There are no hard and fast rules about how large an agile team should be. But there are plenty of opinions! Once you cross the mythical line and have 10 people on a team, do you have to split it? If you have two distinct tracks of work but only eight people, will you hurt efficiency if you divide and conquer?
The answer is… it depends. Over the last few years of experimentation and real-world applications, we’ve developed some “rules of engagement” about when it makes sense to break up a team. And then if you do, there are some factors we’ve found that greatly increase your chances of successful collaboration.
When to split teams
Psychological safety is undermined. Having too many people on a team can deter some folks (especially introverts) from participating. It’s easier to develop trust with a smaller handful of people you can really get to know well.
People can hide in the background. During meetings and working sessions, there’s just not enough time for everyone to have their say on a large team. But if there’s consistently a few folks not chiming in, then breaking up into teams can give them more room to be heard.
Multiple streams of work. When there’s two or more clear separations in the work, it can add efficiency to split teams (even for just a while) to tackle the different streams independently.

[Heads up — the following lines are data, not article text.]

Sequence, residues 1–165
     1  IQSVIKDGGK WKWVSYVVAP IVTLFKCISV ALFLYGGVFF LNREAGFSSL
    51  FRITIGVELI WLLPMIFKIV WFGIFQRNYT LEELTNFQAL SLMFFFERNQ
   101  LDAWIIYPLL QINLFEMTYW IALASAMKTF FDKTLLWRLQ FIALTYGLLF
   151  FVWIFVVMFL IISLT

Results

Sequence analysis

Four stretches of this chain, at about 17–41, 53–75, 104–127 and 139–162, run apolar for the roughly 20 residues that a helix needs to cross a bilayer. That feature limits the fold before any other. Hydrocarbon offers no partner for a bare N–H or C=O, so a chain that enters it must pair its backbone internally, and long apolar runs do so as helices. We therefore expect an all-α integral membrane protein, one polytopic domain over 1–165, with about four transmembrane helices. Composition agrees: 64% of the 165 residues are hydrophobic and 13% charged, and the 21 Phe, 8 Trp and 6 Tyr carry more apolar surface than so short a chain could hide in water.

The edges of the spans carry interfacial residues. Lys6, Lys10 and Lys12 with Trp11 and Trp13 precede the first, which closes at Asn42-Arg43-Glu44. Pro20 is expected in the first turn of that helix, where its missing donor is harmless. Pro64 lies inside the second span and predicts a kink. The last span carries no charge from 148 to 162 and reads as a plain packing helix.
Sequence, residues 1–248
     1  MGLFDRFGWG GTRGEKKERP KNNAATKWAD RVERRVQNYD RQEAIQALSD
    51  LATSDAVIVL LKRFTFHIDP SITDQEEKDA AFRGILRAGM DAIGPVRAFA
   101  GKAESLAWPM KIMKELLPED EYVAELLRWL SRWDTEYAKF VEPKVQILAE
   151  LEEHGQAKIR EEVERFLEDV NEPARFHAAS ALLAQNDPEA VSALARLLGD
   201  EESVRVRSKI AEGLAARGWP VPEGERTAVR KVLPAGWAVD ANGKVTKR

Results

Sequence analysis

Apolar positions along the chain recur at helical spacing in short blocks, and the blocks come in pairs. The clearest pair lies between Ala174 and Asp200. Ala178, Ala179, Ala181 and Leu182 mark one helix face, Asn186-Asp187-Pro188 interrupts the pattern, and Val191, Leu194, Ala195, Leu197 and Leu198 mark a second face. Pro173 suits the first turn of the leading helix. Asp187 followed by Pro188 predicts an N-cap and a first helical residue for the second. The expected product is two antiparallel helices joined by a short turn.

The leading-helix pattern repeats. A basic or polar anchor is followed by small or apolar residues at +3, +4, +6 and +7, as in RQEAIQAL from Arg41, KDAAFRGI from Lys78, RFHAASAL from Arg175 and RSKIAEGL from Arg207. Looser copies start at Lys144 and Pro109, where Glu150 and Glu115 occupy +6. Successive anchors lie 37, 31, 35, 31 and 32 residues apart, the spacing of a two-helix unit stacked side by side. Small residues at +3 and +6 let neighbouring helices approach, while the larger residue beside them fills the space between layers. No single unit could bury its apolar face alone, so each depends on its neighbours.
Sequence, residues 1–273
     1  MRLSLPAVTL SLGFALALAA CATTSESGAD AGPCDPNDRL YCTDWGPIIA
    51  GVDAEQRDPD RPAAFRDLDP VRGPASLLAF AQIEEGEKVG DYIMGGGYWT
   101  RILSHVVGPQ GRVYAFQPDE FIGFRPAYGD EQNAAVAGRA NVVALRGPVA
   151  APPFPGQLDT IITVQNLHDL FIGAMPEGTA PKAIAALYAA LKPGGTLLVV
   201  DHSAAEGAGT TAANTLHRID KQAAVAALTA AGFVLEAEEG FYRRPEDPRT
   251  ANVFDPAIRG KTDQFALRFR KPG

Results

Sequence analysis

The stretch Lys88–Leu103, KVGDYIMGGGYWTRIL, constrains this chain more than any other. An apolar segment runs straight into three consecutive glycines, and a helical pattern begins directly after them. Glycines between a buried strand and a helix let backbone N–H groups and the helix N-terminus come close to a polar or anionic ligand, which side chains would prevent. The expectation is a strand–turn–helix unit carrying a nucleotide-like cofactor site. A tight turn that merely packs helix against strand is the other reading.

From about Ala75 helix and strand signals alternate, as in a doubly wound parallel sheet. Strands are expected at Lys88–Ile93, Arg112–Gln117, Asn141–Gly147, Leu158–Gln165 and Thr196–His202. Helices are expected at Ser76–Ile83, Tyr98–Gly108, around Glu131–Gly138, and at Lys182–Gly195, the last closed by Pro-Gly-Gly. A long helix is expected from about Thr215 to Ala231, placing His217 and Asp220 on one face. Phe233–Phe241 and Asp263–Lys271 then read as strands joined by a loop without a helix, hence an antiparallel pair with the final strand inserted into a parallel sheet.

Tips for successful split teams
Identifying that you might want to split teams is only the beginning. To be successful, you also need to make a few things happen.
Reduce dependencies between teams. Each team’s work should be highly aligned, but loosely coupled. Teams should be able to work independently, ideally on different parts of the system, so there’s a clear division between work.
Minimize the potential for overlap. Consider having one backlog and refining it as a larger group, to ensure potential areas of overlap are identified early. This also helps the teams stay in the loop about what the other is working on.
Ensure each team owns something valuable. Everyone should have important work to do that adds value at every sprint. This helps avoid feelings of being ranked or being in competition between teams.
Plan for frequent communication across teams. Siloed information can cause rework. Ensure that each team has the info they need and knows when to who has the expertise they need to include.
Plan for variations in velocity. Make sure the product owner understands why the velocity may be different between the two teams — that it’s related to the differences in stories they’re working and not because one team is better or faster than the other. (Though if you do notice consistent differences in team velocity, it can be beneficial to look at the team dynamics to make sure you don’t need to adjust the team makeup.)
We’ve had several teams successfully split apart and come back together during the course of a project — mostly with great success. If you can identify when the team may start feeling “off,” it could be time to give your team a break.